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    • July 2012
    • 9780231146319
  • 472 Pages
  • Paperback
  • $26.50

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    • October 2009
    • 9780231146302
  • 472 Pages
  • Hardcover
  • $50.00

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    • October 2009
    • 9780231520317
  • 472 Pages
  • E-book
  • $25.99

Open Secret

Postmessianic Messianism and the Mystical Revision of Menahem Mendel Schneerson

Elliot R. Wolfson

Menahem Mendel Schneerson (1902-1994) was the seventh and seemingly last Rebbe of the Habad-Lubavitch dynasty. Marked by conflicting tendencies, Schneerson was a radical messianic visionary who promoted a conservative political agenda, a reclusive contemplative who built a hasidic sect into an international movement, and a man dedicated to the exposition of mysteries who nevertheless harbored many secrets. Schneerson astutely masked views that might be deemed heterodox by the canons of orthodoxy while engineering a fundamentalist ideology that could subvert traditional gender hierarchy, the halakhic distinction between permissible and forbidden, and the social-anthropological division between Jew and Gentile.

While most literature on the Rebbe focuses on whether or not he identified with the role of Messiah, Elliot R. Wolfson, a leading scholar of Jewish mysticism and the phenomenology of religious experience, concentrates instead on Schneerson's apocalyptic sensibility and his promotion of a mystical consciousness that undermines all discrimination. For Schneerson, the ploy of secrecy is crucial to the dissemination of the messianic secret. To be enlightened messianically is to be delivered from all conceptual limitations, even the very notion of becoming emancipated from limitation. The ultimate liberation, or true and complete redemption, fuses the believer into an infinite essence beyond all duality, even the duality of being emancipated and not emancipated—an emancipation, in other words, that emancipates one from the bind of emancipation.

At its deepest level, Schneerson's eschatological orientation discerned that a spiritual master, if he be true, must dispose of the mask of mastery. Situating Habad's thought within the evolution of kabbalistic mysticism, the history of Western philosophy, and Mahayana Buddhism, Wolfson articulates Schneerson's rich theology and profound philosophy, concentrating on the nature of apophatic embodiment, semiotic materiality, hypernomian transvaluation, nondifferentiated alterity, and atemporal temporality.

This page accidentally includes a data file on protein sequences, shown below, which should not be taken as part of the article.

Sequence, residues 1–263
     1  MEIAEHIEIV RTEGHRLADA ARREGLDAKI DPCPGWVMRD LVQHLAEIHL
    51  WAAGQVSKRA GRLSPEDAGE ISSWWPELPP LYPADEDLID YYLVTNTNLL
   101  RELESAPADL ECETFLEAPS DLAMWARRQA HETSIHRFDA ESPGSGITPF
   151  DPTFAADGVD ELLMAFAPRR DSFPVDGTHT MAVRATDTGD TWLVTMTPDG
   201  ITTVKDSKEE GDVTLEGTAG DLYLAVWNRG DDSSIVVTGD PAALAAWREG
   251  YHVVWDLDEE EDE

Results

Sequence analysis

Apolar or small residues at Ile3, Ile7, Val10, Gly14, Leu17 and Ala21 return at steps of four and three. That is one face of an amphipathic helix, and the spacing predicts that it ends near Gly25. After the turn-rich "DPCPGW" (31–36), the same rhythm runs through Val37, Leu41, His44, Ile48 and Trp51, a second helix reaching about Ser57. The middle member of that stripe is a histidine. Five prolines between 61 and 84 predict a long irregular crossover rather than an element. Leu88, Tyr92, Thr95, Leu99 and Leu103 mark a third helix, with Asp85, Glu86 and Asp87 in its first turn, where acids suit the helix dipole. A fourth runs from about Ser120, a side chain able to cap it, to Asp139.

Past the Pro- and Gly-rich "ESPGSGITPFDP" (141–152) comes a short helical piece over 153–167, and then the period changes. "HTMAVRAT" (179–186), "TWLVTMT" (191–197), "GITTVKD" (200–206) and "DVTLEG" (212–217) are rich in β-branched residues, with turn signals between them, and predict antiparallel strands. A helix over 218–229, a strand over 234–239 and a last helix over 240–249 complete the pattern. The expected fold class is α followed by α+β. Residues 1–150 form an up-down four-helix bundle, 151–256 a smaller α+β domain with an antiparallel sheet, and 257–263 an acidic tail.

About the Author

Elliot R. Wolfson is the Abraham Lieberman Professor of Hebrew and Judaic Studies at New York University. He is a Fellow of the American Academy of Arts and Sciences and a Fellow of the American Academy of Jewish Research. He is the author of numerous essays and books, including Through a Speculum that Shines: Vision and Imagination in Medieval Jewish Mysticism, which was awarded the National Jewish Book Award for Scholarship and the AAR Award for Excellence in Historical Studies; Along the Path: Studies in Kabbalistic Myth, Symbolism, and Hermeneutics; Circle in the Square: Studies in the Use of Gender in Kabbalistic Symbolism; Abraham Abulafia-Kabbalist and Prophet: Hermeneutics, Theosophy, and Theurgy; Language, Eros, Being: Kabbalistic Hermeneutics and Poetic Imagination, which was awarded the National Jewish Book Award in Scholarship; Alef, Mem, Tau: Kabbalistic Musings on Time, Truth, and Death; Venturing Beyond Law and Morality in Kabbalistic Mysticism; and Luminal Darkness: Imaginal Gleanings From Zoharic Literature.